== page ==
I immediately wanted to understand how the developers had built this. There is an architectural challenge in building a secure, scalable solution that is able to provide different video content by the minute, and render that to the browser. Essentially, whatever minute in the day it is, the potential for this to be a different video needs to be catered for. The browser needs to obtain this from the server without letting the user know what the end result is. However, the code determining this is easily readable to any user with some technical know-how.

The way the developers behind the website achieved this is as follows:

  1. The browser loads the webpage, the Javascript code is executed in the browser
  2. The current minute is determined by the browser, which refers to the system’s clock
  3. The time is put into an complicated obfuscation algorithm - a way of turning the time (i.e. 12:03) into something difficult to understand which mathematically represents the same value (i.e. asjfyeof23b3h30f, which is seemingly random)
  4. The value is to sent to the server a requested filename of a video file
  5. The resulting video, if found, is streamed to the browser

There’s a few issues with this approach.

Firstly, the time is ultimately determined by the user’s system clock, i.e. their iPhone’s clock which can be changed at any time by the user. This means if you wanted to view a specific time’s video, you can simply change your system’s clock and refresh the webpage.

Secondly, the value which is being sent to the server is not encrypted, it is obfuscated. Without going into nitty detail, what this means is you don’t need the password to determine the original value or to generate the end hash (the seemingly random bunch of letters and numbers). This means it’s entirely possible, as I will demonstrate, to generate the obfuscated output without needing to bypass/crack or otherwise break any encryption. Obfuscation is not security.

So we return to the man in the middle attacks. If we wanted to generate the same obfuscated strings so we can create a full catalogue of all available times, we simply would need to just put all the possible times into the same obfuscation function that the code is already using, then record the outputs. This is easier said than done. The Javascript on the page is compiled meaning the original code isn’t easily readable. Specific code needs to be executed in a specific order to get to the same application state that then generates the obfuscated codes. This is a hard challenge which could take weeks to pull off.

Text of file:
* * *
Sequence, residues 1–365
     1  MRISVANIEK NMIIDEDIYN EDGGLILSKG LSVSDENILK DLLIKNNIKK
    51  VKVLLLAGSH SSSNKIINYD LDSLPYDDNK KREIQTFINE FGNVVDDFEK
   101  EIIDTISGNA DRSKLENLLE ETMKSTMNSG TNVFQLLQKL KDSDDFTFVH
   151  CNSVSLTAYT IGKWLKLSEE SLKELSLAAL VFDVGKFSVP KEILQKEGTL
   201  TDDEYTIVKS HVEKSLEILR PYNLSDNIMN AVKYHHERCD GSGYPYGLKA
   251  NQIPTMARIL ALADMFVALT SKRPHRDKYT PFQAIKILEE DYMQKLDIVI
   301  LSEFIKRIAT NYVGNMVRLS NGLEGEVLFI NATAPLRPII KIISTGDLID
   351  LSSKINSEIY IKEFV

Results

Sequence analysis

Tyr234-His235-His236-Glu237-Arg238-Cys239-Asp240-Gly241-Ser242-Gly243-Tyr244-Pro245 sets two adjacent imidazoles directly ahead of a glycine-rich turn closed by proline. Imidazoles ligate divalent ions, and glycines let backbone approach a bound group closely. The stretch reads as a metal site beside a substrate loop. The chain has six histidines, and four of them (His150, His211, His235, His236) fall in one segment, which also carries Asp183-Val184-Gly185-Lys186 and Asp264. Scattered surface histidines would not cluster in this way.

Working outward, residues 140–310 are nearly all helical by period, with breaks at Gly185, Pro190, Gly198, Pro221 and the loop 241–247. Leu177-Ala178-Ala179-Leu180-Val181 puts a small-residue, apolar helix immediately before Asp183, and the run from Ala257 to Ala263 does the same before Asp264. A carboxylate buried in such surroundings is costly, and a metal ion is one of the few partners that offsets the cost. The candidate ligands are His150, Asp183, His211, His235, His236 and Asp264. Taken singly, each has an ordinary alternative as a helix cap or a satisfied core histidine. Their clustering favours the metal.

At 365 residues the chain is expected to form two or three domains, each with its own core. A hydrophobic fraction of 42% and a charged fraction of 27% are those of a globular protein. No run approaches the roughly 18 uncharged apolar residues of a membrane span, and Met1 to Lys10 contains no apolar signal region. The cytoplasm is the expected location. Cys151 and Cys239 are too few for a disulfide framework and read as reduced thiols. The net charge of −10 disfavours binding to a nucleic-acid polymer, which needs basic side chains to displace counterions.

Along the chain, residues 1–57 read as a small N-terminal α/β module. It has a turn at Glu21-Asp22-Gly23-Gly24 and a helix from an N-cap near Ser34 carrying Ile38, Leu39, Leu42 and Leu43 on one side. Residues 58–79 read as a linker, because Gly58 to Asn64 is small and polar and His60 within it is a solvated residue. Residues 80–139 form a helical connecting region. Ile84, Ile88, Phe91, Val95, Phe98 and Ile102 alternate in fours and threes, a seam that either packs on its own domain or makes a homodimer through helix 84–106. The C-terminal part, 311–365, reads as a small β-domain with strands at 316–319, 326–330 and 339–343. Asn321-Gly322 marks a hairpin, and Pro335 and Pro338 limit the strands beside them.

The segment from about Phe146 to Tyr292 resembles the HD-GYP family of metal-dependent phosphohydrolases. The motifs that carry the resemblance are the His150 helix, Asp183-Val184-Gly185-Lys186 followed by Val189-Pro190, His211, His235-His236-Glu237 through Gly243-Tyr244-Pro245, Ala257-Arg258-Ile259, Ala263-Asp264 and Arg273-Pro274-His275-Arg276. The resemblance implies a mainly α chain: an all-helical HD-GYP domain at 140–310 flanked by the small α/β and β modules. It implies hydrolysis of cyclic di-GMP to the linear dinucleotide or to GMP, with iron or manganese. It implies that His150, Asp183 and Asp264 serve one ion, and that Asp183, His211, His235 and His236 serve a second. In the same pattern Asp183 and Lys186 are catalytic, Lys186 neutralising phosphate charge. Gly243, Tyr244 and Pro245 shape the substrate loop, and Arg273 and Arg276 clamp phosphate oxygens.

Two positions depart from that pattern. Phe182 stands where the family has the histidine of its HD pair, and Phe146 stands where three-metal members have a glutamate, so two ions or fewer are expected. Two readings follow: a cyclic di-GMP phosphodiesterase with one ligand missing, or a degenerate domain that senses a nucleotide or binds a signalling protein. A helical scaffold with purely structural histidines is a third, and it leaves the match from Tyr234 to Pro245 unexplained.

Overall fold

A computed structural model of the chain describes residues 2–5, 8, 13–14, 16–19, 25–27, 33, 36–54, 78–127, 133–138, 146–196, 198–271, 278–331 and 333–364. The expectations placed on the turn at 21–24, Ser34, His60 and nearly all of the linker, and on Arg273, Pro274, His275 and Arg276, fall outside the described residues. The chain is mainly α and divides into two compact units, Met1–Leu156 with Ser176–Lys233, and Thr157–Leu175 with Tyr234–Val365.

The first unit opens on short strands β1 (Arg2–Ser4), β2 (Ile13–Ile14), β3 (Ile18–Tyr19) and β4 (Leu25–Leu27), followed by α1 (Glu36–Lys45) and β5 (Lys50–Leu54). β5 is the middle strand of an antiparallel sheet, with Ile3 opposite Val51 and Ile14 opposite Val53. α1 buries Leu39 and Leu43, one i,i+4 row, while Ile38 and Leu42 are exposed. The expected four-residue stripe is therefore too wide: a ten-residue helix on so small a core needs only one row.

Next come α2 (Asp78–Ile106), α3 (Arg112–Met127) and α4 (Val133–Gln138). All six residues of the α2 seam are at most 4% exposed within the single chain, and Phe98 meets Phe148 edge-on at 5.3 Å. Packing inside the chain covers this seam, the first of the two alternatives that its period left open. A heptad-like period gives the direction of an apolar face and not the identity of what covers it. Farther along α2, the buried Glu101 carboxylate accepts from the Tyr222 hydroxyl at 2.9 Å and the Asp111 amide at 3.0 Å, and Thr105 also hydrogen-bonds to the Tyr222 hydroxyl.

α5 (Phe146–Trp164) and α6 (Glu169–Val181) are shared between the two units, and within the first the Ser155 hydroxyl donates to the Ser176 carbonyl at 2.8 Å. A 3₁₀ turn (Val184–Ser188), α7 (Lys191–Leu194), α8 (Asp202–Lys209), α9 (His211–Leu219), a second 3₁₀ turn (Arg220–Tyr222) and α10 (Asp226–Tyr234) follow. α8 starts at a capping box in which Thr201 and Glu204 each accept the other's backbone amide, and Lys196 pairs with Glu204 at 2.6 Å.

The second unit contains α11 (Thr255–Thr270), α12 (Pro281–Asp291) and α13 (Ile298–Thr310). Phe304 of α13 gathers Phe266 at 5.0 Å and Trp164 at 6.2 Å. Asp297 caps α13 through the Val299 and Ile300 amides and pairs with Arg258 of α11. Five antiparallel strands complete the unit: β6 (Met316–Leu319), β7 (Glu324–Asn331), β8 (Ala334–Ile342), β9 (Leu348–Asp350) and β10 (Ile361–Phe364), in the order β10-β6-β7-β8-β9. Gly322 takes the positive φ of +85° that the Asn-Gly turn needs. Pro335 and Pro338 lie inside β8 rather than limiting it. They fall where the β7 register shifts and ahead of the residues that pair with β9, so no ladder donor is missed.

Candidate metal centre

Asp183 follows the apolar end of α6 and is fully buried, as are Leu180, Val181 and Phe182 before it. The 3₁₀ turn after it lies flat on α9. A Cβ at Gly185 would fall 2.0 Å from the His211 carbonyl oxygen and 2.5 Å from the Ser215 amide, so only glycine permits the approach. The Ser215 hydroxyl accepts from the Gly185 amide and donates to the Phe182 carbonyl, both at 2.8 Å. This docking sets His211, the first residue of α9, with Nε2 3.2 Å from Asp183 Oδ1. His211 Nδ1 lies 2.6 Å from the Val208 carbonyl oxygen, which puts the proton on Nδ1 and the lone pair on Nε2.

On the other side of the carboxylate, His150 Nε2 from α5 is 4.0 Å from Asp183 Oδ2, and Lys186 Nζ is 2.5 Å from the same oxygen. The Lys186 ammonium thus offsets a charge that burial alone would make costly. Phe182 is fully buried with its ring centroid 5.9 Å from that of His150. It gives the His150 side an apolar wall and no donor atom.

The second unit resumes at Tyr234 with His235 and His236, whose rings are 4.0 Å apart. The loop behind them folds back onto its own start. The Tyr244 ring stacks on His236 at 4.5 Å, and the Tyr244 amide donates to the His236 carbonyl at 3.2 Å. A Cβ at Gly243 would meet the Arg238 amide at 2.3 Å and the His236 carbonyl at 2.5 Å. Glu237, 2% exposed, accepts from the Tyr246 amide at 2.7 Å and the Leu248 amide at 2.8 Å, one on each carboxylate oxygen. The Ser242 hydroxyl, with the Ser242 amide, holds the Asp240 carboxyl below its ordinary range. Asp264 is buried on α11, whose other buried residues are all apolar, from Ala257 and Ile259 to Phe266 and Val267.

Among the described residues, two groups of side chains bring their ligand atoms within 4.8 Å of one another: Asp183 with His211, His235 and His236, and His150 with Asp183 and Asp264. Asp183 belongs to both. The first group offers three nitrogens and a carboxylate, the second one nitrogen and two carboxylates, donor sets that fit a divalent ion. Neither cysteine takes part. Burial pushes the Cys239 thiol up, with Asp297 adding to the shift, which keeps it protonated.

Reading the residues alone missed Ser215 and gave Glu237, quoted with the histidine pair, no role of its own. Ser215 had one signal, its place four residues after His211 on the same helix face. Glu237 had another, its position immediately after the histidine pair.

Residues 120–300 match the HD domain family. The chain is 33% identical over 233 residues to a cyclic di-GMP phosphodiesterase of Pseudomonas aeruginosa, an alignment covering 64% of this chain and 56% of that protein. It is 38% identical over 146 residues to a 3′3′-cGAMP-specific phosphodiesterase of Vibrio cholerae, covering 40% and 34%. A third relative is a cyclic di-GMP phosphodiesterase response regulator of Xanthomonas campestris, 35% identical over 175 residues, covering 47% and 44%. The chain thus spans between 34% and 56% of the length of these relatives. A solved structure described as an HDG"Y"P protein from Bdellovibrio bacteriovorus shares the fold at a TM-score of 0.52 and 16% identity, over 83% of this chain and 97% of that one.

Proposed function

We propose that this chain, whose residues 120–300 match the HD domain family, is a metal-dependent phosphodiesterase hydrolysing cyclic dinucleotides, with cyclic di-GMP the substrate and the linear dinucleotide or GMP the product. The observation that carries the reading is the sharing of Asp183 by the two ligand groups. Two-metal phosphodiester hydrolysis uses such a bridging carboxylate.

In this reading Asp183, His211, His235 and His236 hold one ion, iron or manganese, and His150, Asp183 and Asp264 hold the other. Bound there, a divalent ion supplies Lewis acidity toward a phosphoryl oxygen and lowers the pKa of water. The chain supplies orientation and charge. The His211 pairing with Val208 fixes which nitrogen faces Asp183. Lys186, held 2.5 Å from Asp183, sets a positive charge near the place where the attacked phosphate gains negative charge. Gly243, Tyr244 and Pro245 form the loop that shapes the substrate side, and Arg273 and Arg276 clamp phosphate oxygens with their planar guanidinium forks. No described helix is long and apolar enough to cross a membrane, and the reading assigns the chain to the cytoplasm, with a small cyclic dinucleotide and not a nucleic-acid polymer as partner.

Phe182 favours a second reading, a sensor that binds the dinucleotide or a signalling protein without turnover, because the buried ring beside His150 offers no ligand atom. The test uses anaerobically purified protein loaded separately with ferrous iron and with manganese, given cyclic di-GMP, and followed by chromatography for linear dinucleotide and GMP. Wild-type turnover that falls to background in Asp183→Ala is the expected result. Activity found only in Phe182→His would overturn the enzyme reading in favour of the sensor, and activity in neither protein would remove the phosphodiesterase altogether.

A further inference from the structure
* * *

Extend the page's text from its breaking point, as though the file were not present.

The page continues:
Taking a step back, what we want to do is create an application state identical to the one running in the browser, and inject our own logic into that state at a time of our convenience. Ideally, we just want to put a little bit of code before the time is obfuscated, then record the results after. For this specific example a simple function is called which gets a result. Something like the following (this isn’t the actual code but an example of the problem):

obfuscatedCode = getObfuscatedCode(time);
filename = “”+obfuscatedCode+”.mp4”
return filename;

If we could do something like this instead:

times.forEach(time => {
   obfuscatedCode = getObfuscatedCode(time);
   filename = “”+obfuscatedCode+”.mp4”
   console.log(time+” => “ + filename);

This would break our browser’s running application, but would also write every possible time and its corresponding video URL to the browser's console for us to browse at our leisure.

But how is this achievable? It’s technically too time consuming to try and recreate this “getObfuscatedCode” function outside of the running code in the application. We can’t just add this code into the browser’s running instance of the application. We can’t modify the server’s distributed code because it is secured by HTTPS - or can we?

Although HTTPS prevents man-in-the-middle attacks, it does this through what is known as “trust authorities”. The technicalities of this is a conversation for another day. What you need to know is only known trust authorities in your browser are allowed to decrypt traffic before it reaches your browser. This is why unsecured wifi networks don’t pose much of a threat to your banking app. What most people don’t know, is it’s trivial to setup your own trust authority, and add that into your browser. This does require physical device access and authorisation - it can’t be achieved through wifi snooping, or compromising the remote server, for example.